And progress is not intelligently planned
It's the facade of our heritage, the odor of our land.

They speak of progress, in red, white and blue.
It's the structure of the future as demise comes see things through.

It's progress --- 'til there's nothing left to gain
As the death of new ideas makes us wallow in our shame.
So before you go contribute more to the destruction of this world you adore
Remember life on earth is but a flash of dawn and we're all part of it as the day rolls on.

And progress --- it's the message that we send.
One step closer to the future, one inch closer to the end.
I say that progress is a synonym of time.
We are all aware of it, but it's nothing we refine.
And progress is a debt we all must pay.
Its convenience we all cherish, its pollution we disdain

And the cutting edge is dulling, too many folks to plow through.
Just keep your fucking distance, and it can't include you.

It's progress! 'til there's nothing left to gain!

It's progress! it's a message that we send!

And progress is a debt we all must pay!

-bad religion, 1989

March 13, 2009

My Favorite Movies

Ch. 32: The Necessity of Escapism, Part 2
Last time I dwelled on how people need to "escape this misery called life" and some of the ways that they can go about doing so. Mostly, this included basking in the niceties of going on vacation and consuming alcohol (to numb the effects of the stress of travelling).
This time though, I want to suggest one of the best alternatives to those two, and why these choices are soooo much incredibly better than drinking or vacationing.
Watch movies. Not just any movies. Happy movies. Not slapstick ridiculous "off the cuff" movies. Goofy movies. Not sexually provocative sleazy "get your hard-on with Angelina Jolie" movies. Romantic movies. Not chick flicks like the Notebook and most certainly not Brokeback Mountain. But heart-wrenching surreal movies that allow you to sympathize with, but not become overcome with emotion by the characters in the plot, kind of movies. If these "happy" movies that I have tried to screen out still leave you with thrasher/bloodbath flicks on your list, then I suppose I should just give up already. But what I am actually trying to get at here is that some of the best movies that a person could ever go and see arrrreee:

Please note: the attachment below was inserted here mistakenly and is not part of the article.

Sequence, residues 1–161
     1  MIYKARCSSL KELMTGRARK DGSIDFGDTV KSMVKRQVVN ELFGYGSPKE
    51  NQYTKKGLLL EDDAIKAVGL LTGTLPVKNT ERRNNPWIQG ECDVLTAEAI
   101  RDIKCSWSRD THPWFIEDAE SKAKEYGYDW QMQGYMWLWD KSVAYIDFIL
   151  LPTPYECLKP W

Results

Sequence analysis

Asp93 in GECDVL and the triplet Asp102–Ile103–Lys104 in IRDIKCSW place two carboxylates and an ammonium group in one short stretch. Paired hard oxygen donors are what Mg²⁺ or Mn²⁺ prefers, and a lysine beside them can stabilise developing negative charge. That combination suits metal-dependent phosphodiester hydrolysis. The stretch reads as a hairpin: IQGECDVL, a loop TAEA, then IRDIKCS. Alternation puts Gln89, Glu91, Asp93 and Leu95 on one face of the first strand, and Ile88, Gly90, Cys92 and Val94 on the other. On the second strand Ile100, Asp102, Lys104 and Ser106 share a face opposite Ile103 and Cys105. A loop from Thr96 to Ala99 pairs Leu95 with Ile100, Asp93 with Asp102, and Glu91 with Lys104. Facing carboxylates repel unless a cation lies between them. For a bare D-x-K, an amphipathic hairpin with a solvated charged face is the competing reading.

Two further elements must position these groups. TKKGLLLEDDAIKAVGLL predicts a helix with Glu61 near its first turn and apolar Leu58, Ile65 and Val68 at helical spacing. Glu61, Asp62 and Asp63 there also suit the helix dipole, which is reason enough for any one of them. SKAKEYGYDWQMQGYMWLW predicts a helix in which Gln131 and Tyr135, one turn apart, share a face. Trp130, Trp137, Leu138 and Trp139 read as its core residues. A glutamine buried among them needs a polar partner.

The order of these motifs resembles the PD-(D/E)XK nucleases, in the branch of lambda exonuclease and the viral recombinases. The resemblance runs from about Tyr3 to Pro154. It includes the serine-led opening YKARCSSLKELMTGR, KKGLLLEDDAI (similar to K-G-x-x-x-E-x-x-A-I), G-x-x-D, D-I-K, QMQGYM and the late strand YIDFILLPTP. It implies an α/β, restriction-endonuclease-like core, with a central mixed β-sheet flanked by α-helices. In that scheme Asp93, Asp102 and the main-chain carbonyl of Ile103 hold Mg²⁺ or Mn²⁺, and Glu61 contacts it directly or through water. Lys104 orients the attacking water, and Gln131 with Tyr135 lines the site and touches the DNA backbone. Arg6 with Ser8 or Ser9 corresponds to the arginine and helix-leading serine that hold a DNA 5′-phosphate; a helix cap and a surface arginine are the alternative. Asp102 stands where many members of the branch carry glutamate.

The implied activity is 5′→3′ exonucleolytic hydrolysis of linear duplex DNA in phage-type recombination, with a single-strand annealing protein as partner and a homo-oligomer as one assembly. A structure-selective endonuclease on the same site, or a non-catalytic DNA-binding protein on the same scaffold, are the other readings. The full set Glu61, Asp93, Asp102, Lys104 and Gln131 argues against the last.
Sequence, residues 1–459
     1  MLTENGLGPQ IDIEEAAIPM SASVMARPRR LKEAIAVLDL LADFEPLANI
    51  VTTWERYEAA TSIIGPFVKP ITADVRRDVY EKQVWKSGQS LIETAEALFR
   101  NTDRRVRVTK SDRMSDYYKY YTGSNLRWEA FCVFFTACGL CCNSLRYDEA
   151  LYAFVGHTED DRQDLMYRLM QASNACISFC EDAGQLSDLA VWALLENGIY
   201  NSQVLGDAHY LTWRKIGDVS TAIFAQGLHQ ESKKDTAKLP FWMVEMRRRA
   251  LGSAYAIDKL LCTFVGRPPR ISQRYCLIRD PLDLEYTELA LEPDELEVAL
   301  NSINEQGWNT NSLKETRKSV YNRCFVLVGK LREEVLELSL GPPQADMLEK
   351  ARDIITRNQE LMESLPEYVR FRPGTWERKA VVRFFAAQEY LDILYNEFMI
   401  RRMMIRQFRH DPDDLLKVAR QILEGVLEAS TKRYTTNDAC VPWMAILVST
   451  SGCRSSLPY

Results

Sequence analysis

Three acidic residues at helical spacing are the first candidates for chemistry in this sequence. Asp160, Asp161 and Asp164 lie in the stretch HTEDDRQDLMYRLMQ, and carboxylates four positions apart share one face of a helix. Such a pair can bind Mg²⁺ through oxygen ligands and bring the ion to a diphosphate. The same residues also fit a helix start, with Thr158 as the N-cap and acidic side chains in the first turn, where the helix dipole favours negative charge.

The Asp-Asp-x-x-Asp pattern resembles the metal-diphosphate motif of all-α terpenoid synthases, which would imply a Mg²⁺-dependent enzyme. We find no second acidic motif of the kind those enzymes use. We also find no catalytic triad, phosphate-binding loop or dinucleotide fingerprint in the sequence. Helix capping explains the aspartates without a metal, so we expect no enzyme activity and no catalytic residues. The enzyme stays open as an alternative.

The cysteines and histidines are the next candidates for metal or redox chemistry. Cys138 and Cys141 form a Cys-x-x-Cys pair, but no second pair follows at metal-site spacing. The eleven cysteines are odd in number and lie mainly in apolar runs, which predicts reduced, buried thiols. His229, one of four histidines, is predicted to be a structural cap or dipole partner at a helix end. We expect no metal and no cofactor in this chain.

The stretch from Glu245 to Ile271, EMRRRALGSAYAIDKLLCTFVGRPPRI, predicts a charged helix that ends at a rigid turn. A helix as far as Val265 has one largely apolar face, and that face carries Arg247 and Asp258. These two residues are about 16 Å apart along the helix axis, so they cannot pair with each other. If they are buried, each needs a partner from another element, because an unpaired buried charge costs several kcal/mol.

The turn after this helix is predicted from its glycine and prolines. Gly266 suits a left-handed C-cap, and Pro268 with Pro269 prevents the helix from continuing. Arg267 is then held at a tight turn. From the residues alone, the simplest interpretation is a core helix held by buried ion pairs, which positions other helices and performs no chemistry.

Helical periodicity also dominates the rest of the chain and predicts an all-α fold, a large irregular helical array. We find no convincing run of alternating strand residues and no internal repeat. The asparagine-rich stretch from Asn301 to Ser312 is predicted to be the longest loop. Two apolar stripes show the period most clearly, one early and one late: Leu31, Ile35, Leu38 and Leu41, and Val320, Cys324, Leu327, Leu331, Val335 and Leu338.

For a long time now, I have maintained that cartoon movies can be some of the best medication for a person in need of reprieve from the stresses of life. Nothing quite says "so long psychopathic horror-style murder by beheading" like watching Roger Rabbit getting dipped ears first into, well, the Dip. Alright, maybe that's a bad example seeing how inhumane that was for poor Roger, but not all cartoons were like that - growing up - or now.
Growing up, us kids had the privilege of watching a lot of Classic Disney movies play in theaters. I still remember watching Aladdin @ Gateway Cinemas when I was about 8. Movies like that appealed to kids' imaginations and dreams and also gave parents a sense of gratitude in that sexual undertones would be left out completely, simply for the benefit of us kids. Lion King: probably still one of the best movies made for kids ever, was the same way. Minus the word "sex" that was apparently written in the stars at some point or another...The success & popularity of Disney's movies through the 80s and 90s allowed for Edmonton weatherman Mike Sobel to run a very entertaining 2 hour Saturday Special on ITV called the Disney Afternoon for a couple of years! This is back when times were simple, and kids weren't all hopped up on sugar and crack. Outside of Disney, The Land Before Time (one), All Dogs Go To Heaven, and An American Tale were some real classics that enabled children to... be kids! These movies offered great entertainment value for children & parents alike and didn't require any sex or violence to do so.